For decades now, we have tried to come up with answers to the horrors of battle that have been called various names over the years. Shell shock, battle fatigue, or, most recently and accurately, Post Traumatic Stress Syndrome (PTSD). No matter the name, this condition, along with other issues, comes with the territory of serving in a combat zone. Various groups and ‘experts’ have come up with various answers over the years, but the thing has hit the mark.
Now a group from the Abilene, TX Department of Veteran’s Affairs thinks they have a great tool for veterans to try- archery.
According to director Nick Tapie, “Veterans already come in with marksmanship abilities, and so archery really pairs well with that because they end up doing something that is native to their own experiences. But archery is very different than using firearms. It’s very quiet. It’s calming. It’s therapeutic.”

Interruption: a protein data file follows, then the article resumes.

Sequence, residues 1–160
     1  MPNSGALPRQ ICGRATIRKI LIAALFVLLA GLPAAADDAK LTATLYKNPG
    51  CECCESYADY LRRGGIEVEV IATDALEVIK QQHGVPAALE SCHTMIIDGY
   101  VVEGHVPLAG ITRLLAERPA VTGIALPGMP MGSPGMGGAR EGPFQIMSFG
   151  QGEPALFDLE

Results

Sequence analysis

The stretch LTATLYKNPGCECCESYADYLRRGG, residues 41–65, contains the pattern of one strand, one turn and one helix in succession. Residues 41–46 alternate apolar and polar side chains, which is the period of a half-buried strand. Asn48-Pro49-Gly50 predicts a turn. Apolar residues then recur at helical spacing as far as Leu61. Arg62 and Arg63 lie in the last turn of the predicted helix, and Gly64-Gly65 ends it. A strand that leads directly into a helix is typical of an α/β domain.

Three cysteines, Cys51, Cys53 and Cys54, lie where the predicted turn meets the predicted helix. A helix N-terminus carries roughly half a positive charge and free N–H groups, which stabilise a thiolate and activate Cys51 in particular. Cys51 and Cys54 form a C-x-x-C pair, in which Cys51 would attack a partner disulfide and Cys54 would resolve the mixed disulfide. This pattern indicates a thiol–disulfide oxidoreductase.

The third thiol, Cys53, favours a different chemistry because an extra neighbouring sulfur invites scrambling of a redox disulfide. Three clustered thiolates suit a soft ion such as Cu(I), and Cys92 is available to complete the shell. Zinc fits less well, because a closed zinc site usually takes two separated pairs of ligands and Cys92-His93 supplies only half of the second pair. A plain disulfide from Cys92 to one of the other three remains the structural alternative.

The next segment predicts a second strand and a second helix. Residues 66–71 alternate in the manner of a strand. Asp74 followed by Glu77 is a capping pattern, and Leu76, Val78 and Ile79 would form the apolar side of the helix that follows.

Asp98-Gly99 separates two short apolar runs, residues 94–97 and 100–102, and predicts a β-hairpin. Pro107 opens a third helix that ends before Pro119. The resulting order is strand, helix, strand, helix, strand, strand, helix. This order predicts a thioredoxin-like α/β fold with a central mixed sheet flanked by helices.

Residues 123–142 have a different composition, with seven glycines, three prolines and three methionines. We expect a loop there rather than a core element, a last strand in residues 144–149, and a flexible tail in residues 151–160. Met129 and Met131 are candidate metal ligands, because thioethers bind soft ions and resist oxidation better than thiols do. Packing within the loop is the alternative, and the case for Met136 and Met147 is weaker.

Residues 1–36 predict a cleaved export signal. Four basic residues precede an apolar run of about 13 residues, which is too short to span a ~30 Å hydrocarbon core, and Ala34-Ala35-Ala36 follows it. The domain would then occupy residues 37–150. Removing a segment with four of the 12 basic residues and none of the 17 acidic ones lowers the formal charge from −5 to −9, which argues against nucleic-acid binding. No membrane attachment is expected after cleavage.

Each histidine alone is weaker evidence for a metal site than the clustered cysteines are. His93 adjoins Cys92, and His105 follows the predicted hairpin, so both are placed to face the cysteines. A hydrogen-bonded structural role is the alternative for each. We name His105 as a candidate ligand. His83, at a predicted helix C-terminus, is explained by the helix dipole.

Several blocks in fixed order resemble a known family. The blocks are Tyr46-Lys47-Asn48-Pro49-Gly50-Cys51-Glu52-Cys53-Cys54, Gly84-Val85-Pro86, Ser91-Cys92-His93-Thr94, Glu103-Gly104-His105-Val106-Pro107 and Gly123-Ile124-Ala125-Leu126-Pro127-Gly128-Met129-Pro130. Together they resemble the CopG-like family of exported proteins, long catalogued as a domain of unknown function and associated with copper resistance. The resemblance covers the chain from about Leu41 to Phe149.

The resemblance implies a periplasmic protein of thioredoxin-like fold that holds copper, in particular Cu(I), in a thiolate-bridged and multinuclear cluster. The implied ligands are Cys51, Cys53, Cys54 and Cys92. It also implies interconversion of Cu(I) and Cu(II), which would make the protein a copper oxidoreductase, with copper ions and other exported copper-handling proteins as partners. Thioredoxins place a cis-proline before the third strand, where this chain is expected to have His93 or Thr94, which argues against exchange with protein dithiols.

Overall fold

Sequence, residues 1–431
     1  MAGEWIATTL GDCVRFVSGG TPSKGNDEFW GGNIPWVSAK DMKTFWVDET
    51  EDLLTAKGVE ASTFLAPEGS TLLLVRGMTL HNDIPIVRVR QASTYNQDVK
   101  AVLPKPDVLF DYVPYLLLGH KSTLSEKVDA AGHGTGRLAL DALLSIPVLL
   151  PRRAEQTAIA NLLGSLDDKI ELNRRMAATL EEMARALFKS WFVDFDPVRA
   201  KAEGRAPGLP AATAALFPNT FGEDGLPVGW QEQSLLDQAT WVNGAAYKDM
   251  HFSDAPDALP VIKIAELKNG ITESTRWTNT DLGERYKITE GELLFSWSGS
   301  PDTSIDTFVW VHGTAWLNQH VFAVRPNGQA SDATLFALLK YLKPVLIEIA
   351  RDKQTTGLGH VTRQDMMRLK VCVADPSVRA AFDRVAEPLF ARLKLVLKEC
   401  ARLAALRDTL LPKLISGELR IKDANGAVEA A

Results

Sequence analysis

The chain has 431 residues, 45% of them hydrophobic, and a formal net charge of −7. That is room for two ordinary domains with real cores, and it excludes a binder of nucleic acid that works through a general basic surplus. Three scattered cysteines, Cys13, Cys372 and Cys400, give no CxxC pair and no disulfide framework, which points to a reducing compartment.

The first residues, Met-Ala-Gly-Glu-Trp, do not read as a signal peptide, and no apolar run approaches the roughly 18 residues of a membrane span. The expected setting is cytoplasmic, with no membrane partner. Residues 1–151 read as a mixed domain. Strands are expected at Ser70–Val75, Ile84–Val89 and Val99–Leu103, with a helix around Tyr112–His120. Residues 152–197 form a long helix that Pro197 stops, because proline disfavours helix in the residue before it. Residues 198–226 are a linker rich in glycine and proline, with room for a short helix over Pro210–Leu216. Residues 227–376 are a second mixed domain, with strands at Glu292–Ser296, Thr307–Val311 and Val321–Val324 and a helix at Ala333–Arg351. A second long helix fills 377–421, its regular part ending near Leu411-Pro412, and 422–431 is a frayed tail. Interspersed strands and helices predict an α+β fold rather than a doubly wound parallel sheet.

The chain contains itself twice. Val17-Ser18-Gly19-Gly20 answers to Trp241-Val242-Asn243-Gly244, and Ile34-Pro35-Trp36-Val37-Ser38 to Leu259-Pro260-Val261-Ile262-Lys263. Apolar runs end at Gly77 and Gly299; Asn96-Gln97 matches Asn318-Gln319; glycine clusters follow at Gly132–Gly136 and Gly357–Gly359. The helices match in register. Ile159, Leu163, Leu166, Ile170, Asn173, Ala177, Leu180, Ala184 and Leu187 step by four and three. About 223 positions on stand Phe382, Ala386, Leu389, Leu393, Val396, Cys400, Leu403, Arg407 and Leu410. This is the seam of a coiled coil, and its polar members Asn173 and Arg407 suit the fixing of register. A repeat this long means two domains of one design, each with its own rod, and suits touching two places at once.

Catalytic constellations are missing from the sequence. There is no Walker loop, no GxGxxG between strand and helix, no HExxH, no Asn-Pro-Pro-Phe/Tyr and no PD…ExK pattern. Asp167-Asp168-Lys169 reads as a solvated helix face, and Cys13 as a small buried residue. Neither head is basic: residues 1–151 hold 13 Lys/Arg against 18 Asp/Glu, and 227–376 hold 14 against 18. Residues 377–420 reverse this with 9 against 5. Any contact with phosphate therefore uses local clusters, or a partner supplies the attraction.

For Army veteran Patrick Whitney, it’s a perfect relaxer. “I’m a competitive person. Archery isn’t easy. I think that’s what draws me in even more because it actually takes some skill. Whenever you pull that bow back, there’s a lot of fundamentals that you have to remember. And the scenery is so peaceful out here. The tranquility is awesome.”
Many veterans across the US describe the same problem. They leave for 6 months or more, and everyone else’s world keeps going on as if nothing had happened. As they concentrate on the issues at hand and the loss they experience in real-time, those at home can continue with their lives. Needless to say, the disconnect from family and friends is huge. It’s why many veterans find it difficult to relate to civilians. Programs like these give them a chance to come together and peacefully bond.